The ongoing problems that YouTube is experiencing following a raft of companies pulling their advertising could end up costing the Google-owned company big time.
Earlier this month, British government agency adverts began cropping up on extremist videos on YouTube. Content from the likes of the Home Office, the Royal Navy and BBC appeared on the controversial videos, with the decision to cancel advertising catching on quite fast.
By last week, advertisers such as McDonald’s, Toyota and Audi had pulled their ads after similar concerns.
AT&T and Verizon soon followed, joined by pharma groups GlaxoSmithKline and Johnson & Johnson.
In total, five of the top 20 US advertisers have boycotted YouTube, as well as other global brands, numbered in the dozens.
Analysts at Nomura Instinet have now claimed that the final cost for YouTube owner Google could be as high as $750m.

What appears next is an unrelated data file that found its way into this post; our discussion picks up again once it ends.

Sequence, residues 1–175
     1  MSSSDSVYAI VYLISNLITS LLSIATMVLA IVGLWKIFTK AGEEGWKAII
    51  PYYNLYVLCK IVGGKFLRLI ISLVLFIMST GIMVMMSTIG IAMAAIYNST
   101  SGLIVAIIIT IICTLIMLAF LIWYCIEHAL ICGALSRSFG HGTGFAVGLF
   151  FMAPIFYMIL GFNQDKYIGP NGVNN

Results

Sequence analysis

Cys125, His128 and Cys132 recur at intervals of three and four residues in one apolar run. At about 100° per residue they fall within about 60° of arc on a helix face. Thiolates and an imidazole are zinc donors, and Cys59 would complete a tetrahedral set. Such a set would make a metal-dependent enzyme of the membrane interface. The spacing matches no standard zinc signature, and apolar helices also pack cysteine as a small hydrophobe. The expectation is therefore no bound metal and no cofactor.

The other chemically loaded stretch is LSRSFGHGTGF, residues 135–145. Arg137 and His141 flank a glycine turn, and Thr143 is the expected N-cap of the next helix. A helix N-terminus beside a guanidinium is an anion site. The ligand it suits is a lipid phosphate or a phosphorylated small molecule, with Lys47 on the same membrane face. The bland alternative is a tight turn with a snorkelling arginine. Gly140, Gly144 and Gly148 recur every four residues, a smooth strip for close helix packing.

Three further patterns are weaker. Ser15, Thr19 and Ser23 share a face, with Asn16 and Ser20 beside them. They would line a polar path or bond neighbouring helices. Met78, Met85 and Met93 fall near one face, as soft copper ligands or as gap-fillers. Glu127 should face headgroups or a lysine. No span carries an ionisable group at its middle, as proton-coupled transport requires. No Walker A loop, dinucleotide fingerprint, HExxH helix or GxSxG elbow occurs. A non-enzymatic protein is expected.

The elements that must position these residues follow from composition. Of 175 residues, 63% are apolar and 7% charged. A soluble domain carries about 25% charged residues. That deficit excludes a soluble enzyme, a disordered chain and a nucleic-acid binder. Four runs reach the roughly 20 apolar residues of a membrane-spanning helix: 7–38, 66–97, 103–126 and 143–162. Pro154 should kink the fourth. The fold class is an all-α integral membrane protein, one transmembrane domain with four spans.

The total drop in revenues could represent 7.5pc of YouTube’s total income, though, given the speed with which the companies have cut ties with the video-sharing giant, and the size of the figures involved, conformity among analysts’ fears is difficult to spot.
For example, last week, Morgan Stanley claimed that the companies boycotting YouTube make up 10pc of net revenues, with millions of clients making up the bulk of the company’s income in this area.
At the same time, RBC Capital Markets reported that if a 10pc decline hit YouTube and Google Display Network revenues, it would reduce Google’s overall income by just 1.7pc.
Earlier this week, Google responded with a lengthy post from its chief business officer, Philipp Schindler, who said that YouTube was deeply apologetic for this issue.
“We know that this is unacceptable to the advertisers and agencies who put their trust in us. That’s why we’ve been conducting an extensive review of our advertising policies and tools, and why we made a public commitment last week to put in place changes that would give brands more control over where their ads appear.”
YouTube. Image: MIND AND I/Shutterstock